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“The Bride in Long Delay”

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The poem was written in response to prompt #108 on ReadWritePoem: apply Matthea Harvey’s technique (as adopted by Matthew Zapruder) of dictionary-dipping. For complete details on my dictionary-dipping, see the Writer’s Statement within the first comment.

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…………………………THE BRIDE IN LONG DELAY
 
…………………………To keep the assembled from looking in, a lockplate
…………………………wedded to screws and pins beneath the tarn-
…………………………ished cover, its tight embroideries, its kreuzers
…………………………of copper, aluminum, steel. Her vows penned
…………………………upon the code of a doily, lace veiling a japanned
…………………………bureau, one lacquered path from a silver river
…………………………dwindling around a mountain. Two peaks
…………………………owned by the knobs of a drawer. All delay to keep
…………………………away that surname, the groom’s title: Holdship.
…………………………She traces it through the air. Hold won’t disappear.
…………………………He waits in cuffs and tie, primed, wallpaper ground.
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…………………………by Therese L. Broderick
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…………………………((A writer’s statement appears as the first comment.)
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About ThereseLBroderick

Independent community poet living in Albany, New York USA.

13 responses »

  1. WRITER’S STATEMENT
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    This poem uses words from The Connoisseur’s Handbook of Antique Collecting: A Dictionary… edited by Helena Hayward (NY: Hawthorn, 1960). The words are: lock-plate; Kreuzer; Japan-work (or jappaned); Holdship; grounded wallpaper. I invented a procedure for selecting these words. The procedure: I started by looking up the word in this antiques dictionary which most closely resembled the last word in Matthew Zapruder’s wordlist, “locked.” Then I counted the number of letters in that word. I used that number to determine which dictionary page I would turn to next (I subtracted that number from the first page number of 168). I repeated this process to locate more words. The term “grounded” in “grounded wallpaper” seemed a good way to end the poem. As the poem developed, its nucleus settled as the concept of being locked into commitment.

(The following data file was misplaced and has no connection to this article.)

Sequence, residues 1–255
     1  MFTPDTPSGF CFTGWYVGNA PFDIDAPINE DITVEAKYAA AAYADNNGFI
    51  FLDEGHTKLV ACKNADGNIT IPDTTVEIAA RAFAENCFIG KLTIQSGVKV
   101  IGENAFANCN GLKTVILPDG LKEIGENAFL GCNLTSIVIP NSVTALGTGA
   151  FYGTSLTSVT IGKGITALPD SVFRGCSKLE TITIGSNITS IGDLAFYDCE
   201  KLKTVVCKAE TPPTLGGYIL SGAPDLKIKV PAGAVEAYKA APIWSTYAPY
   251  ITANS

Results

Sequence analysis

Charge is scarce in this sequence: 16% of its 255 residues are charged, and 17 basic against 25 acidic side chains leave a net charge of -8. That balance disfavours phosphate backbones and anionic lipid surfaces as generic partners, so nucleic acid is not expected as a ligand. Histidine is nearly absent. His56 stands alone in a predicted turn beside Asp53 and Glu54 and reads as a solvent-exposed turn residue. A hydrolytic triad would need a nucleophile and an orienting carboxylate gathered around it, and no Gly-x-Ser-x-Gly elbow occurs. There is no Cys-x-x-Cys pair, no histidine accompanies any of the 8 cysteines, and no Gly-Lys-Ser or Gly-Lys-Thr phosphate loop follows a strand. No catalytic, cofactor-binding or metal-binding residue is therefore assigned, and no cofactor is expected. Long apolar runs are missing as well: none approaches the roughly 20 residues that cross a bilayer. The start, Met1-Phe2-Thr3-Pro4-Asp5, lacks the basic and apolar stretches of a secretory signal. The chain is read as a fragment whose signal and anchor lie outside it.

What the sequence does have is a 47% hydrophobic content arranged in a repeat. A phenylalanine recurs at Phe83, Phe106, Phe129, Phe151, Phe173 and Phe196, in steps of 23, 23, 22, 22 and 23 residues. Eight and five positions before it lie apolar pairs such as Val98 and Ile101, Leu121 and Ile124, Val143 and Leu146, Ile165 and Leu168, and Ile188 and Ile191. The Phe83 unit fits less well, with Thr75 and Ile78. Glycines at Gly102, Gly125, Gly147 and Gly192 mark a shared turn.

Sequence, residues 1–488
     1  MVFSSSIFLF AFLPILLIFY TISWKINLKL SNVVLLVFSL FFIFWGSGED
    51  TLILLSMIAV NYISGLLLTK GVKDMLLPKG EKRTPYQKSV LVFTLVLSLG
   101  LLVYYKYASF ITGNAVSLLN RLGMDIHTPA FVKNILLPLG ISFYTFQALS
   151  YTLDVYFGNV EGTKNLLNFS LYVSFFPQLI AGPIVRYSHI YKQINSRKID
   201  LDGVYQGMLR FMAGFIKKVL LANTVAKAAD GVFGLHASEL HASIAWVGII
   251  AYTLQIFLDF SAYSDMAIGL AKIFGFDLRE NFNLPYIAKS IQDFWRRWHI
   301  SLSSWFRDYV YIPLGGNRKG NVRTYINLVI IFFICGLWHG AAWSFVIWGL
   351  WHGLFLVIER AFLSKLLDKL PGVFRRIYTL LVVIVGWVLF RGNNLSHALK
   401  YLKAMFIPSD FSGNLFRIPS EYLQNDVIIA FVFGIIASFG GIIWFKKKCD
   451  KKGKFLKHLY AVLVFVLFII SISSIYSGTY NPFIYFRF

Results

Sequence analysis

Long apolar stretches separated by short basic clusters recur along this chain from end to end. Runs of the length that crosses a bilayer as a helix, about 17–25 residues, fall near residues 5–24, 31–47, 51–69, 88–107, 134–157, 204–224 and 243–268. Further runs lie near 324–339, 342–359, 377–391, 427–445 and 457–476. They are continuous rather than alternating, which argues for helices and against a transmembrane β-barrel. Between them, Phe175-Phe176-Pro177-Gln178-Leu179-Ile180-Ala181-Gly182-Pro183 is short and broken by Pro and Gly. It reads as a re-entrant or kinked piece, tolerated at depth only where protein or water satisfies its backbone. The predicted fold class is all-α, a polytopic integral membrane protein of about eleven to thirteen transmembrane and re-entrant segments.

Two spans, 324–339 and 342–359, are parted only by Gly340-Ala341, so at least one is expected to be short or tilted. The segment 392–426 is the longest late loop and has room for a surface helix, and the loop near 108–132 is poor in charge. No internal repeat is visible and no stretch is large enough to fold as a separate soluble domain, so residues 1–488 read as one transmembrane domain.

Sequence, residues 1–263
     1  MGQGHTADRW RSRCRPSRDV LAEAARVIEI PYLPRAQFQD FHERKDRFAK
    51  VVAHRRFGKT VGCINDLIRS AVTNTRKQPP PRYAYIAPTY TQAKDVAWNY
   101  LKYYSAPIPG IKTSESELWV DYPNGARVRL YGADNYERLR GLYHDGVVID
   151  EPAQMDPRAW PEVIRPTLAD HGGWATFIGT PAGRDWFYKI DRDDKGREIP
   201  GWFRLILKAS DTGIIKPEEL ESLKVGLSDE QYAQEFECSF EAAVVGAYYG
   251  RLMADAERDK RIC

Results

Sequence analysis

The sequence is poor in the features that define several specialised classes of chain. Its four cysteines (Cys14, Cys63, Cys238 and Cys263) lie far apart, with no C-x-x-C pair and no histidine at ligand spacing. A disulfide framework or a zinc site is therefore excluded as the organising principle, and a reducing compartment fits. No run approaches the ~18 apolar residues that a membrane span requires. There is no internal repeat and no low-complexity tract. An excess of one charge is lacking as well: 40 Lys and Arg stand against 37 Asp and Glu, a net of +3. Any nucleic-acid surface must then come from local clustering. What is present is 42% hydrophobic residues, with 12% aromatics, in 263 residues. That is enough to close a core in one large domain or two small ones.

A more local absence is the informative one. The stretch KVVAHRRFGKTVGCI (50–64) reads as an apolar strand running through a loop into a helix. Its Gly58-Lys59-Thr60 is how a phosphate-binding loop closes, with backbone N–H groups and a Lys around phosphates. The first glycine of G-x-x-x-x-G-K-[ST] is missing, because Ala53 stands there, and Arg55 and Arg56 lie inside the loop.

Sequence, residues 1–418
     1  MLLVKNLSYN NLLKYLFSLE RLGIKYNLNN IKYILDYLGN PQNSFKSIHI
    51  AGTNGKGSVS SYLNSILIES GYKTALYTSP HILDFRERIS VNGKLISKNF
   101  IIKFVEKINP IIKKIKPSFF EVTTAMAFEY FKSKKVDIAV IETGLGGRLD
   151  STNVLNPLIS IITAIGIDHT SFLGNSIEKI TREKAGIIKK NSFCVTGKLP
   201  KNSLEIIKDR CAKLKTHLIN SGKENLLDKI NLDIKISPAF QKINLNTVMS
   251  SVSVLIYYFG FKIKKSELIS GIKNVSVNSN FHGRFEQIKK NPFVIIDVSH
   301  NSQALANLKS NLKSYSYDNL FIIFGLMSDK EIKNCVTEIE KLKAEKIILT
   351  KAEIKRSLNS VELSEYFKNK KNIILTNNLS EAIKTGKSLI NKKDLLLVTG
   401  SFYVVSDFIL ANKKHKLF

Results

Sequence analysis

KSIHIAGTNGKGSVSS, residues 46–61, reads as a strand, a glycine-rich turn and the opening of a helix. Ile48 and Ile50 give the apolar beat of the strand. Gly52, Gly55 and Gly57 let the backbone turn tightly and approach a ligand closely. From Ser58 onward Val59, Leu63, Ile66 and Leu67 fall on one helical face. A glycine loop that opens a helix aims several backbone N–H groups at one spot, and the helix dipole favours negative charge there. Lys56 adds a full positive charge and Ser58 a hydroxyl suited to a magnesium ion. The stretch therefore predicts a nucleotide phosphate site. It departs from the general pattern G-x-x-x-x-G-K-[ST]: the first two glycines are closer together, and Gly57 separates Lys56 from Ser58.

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  2. This is fascinating.

    Well done.

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  3. This is so very unusual. I liked it.

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  4. So very interesting. The antiquities, both touchable and visual, are portrayed eloquently. Enjoyed this!

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  5. Her vows penned/
    upon the code of a doily – I really love this image – it reminds of Emily Dickinson!

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  6. Oh, my, I adore your process! You made a marvelous work and with all those limits and restrictions, too. The words are magical. I can see a dressing room, my mind makes up a scene for words and descriptions that aren’t there, such is the evocative power of the few words, in a fairly short poem.

    Terrific sounds in the poem, too, the lines cut just right.

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  7. a-ha!! What a cool dictionary to use! I almost looked up those words and then thought, “Therese always gives us a look into her inner writing sanctum so maybe, just maybe…” and sure enough! I love these new words….

    I also enjoy the “lockplate wedded” and could easily leap into a matrimonial metaphor of being committed ummm…. involuntarily.

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  8. Loved it. I actually had the dull taste of metal in my mouth when I read it. I also like your process of finding the words. Random, yet logical. I plan to look up the meaning of kreuzer and Holdship right now.

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  9. Lovely how this poem moves through its internal environment, details so intimately described, like seen from a circling birds-eye in flight, then so personalized by that line, “She traces it through the air. Hold won’t disappear.” Beautiful. And even at this moment reviewed, the poem’s eye is still in flight.

    And to create this from a list of words (code maker that you were!) is all the more impressive.

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  10. very interesting and imaginative way to choose your words! I really liked the feeling of how becoming married is a form of being “locked up”.

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  11. nicely done…..with that dictionary….hey Im close to being an antique…not in your dictionary??? thanks again fro sharing this

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  12. I believe you may have out-mechanicaled the original. I though I had done that with a paper template placed over the dictionary page.
    Of them all, I think my favorite detail is the simplest: she traces it through the air

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  13. This poem gave me the feeling of an unwanted wedding, an obligation, an old-school girl locked in by expectation and tradition. Sad that this may have been true more often than note in time past. Your words lent that old, antique feeling to the poem, and I pictured a wedding in the Gibson-girl era. What I mean to say is that you used these words to evoke that scene. Well done.

    – Nicole

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